The US Food and Drug Administration (FDA) has approved the first-ever medical app to treat people with substance use disorders or SUDs.
Called Reset, the new app comes from the house of Pear Therapeutics — a fully integrated, digital therapeutics startup. It assists drug therapies designed for patients addicted to alcohol, cocaine, marijuana, and other stimulants. The app is still not approved to treat opioid dependence, according to FDA.
Reset administers a digitised talk treatment, called cognitive behavioral therapy (CBT), to help outpatients abstain from taking drugs. The therapy explores relationships between thoughts, feelings and behaviours to help patients continue with their medicines or rehab programmes.
The digital therapy can be administered by smartphone or desktop. FDA tested the desktop version of the app on some 400 patients over a three-month period. The results from the unblinded trial noted that the app — when combined with clinical therapy — was more effective than standard therapy alone.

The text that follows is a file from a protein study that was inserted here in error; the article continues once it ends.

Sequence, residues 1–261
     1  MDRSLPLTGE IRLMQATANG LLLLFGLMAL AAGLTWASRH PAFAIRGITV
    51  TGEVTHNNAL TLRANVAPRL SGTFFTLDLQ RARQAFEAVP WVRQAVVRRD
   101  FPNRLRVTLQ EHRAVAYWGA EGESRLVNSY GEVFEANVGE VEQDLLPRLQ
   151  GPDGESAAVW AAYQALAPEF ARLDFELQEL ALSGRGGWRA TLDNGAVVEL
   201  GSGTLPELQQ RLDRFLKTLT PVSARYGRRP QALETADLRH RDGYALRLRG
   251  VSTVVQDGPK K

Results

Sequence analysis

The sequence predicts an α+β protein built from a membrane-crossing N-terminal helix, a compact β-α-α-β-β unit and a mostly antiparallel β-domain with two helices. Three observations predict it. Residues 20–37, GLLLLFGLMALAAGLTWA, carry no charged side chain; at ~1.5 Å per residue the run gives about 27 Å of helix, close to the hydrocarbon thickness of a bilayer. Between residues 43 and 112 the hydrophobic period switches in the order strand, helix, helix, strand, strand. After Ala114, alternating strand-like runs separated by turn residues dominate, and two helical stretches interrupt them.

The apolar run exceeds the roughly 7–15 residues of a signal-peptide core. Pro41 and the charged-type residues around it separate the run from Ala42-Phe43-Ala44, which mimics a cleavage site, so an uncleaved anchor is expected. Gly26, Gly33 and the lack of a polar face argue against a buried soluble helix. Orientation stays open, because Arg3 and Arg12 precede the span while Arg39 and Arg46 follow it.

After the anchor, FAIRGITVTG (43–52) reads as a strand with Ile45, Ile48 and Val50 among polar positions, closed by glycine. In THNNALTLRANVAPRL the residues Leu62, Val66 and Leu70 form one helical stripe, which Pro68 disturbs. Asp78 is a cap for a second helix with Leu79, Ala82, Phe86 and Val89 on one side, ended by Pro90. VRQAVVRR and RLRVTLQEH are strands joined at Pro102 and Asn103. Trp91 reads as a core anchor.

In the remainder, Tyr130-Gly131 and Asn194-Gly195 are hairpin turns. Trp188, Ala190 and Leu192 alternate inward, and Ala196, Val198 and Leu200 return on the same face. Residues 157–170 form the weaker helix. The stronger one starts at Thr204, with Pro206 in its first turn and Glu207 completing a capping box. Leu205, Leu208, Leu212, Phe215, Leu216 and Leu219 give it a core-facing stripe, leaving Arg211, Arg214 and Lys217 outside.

Specifically, the medical app was successful in helping more than 40% of trial patients to abstain from alcohol, cocaine, marijuana, and stimulant substance, compared to just 17.6% patients with conventional therapy alone.
Substance abuse costs over $740bn (£550bn) in the US, notes CNBC. The number of drug related deaths, on the other hand, has tripled since 2000.
The FDA approved app comes as several digital health firms continue to develop mobile apps to augment or sometimes replace conventional therapies. Currently, apps are being developed to treat insomnia, opioid dependence, diabetes and other chronic diseases. Scientists have also demonstrated how brain stimulation could help in kicking off cocaine addiction.
"This is an example of how innovative digital technologies can help provide patients access to additional tools during their treatment," said Carlos Peña from FDA's Center for Devices and Radiological Health. "More therapy tools means a greater potential to help improve outcomes, including abstinence, for patients with substance use disorder."